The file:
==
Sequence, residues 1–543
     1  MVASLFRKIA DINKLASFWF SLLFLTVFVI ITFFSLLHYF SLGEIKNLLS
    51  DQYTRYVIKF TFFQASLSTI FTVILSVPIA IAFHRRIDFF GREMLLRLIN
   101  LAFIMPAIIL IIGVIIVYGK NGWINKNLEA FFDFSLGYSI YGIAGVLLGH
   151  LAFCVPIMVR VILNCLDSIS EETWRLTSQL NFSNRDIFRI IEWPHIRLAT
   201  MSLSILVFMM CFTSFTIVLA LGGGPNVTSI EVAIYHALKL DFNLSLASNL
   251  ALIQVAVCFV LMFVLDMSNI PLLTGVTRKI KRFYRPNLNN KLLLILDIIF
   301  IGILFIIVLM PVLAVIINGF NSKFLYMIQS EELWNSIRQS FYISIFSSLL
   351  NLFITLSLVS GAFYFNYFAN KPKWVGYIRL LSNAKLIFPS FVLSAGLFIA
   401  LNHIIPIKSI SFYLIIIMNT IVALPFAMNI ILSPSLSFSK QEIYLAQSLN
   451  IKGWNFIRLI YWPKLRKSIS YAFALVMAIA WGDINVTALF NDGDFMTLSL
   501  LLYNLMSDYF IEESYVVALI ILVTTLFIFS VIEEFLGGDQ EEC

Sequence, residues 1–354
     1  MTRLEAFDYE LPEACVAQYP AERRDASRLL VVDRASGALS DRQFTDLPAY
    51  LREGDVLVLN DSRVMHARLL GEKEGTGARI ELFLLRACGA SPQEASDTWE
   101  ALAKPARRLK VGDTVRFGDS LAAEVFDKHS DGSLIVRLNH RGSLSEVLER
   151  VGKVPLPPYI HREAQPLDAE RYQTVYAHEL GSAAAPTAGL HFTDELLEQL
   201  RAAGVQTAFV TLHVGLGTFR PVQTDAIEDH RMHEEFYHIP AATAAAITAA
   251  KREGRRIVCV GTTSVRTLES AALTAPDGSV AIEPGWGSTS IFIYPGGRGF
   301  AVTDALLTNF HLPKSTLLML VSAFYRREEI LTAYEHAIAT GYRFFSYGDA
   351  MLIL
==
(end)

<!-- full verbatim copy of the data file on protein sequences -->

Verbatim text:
Sequence, residues 1–543
     1  MVASLFRKIA DINKLASFWF SLLFLTVFVI ITFFSLLHYF SLGEIKNLLS
    51  DQYTRYVIKF TFFQASLSTI FTVILSVPIA IAFHRRIDFF GREMLLRLIN
   101  LAFIMPAIIL IIGVIIVYGK NGWINKNLEA FFDFSLGYSI YGIAGVLLGH
   151  LAFCVPIMVR VILNCLDSIS EETWRLTSQL NFSNRDIFRI IEWPHIRLAT
   201  MSLSILVFMM CFTSFTIVLA LGGGPNVTSI EVAIYHALKL DFNLSLASNL
   251  ALIQVAVCFV LMFVLDMSNI PLLTGVTRKI KRFYRPNLNN KLLLILDIIF
   301  IGILFIIVLM PVLAVIINGF NSKFLYMIQS EELWNSIRQS FYISIFSSLL
   351  NLFITLSLVS GAFYFNYFAN KPKWVGYIRL LSNAKLIFPS FVLSAGLFIA
   401  LNHIIPIKSI SFYLIIIMNT IVALPFAMNI ILSPSLSFSK QEIYLAQSLN
   451  IKGWNFIRLI YWPKLRKSIS YAFALVMAIA WGDINVTALF NDGDFMTLSL
   501  LLYNLMSDYF IEESYVVALI ILVTTLFIFS VIEEFLGGDQ EEC

Sequence, residues 1–354
     1  MTRLEAFDYE LPEACVAQYP AERRDASRLL VVDRASGALS DRQFTDLPAY
    51  LREGDVLVLN DSRVMHARLL GEKEGTGARI ELFLLRACGA SPQEASDTWE
   101  ALAKPARRLK VGDTVRFGDS LAAEVFDKHS DGSLIVRLNH RGSLSEVLER
   151  VGKVPLPPYI HREAQPLDAE RYQTVYAHEL GSAAAPTAGL HFTDELLEQL
   201  RAAGVQTAFV TLHVGLGTFR PVQTDAIEDH RMHEEFYHIP AATAAAITAA
   251  KREGRRIVCV GTTSVRTLES AALTAPDGSV AIEPGWGSTS IFIYPGGRGF
   301  AVTDALLTNF HLPKSTLLML VSAFYRREEI LTAYEHAIAT GYRFFSYGDA
   351  MLIL